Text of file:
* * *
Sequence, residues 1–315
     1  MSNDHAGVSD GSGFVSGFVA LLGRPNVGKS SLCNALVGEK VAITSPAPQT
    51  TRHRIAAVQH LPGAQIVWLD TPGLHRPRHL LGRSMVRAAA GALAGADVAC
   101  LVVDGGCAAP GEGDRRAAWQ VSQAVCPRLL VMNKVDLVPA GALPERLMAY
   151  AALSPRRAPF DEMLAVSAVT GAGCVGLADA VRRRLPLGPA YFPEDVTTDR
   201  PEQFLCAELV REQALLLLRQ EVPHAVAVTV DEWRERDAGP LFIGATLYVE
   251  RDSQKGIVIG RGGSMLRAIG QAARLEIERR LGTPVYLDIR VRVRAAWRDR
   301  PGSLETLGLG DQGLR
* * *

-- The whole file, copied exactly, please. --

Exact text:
Sequence, residues 1–315
     1  MSNDHAGVSD GSGFVSGFVA LLGRPNVGKS SLCNALVGEK VAITSPAPQT
    51  TRHRIAAVQH LPGAQIVWLD TPGLHRPRHL LGRSMVRAAA GALAGADVAC
   101  LVVDGGCAAP GEGDRRAAWQ VSQAVCPRLL VMNKVDLVPA GALPERLMAY
   151  AALSPRRAPF DEMLAVSAVT GAGCVGLADA VRRRLPLGPA YFPEDVTTDR
   201  PEQFLCAELV REQALLLLRQ EVPHAVAVTV DEWRERDAGP LFIGATLYVE
   251  RDSQKGIVIG RGGSMLRAIG QAARLEIERR LGTPVYLDIR VRVRAAWRDR
   301  PGSLETLGLG DQGLR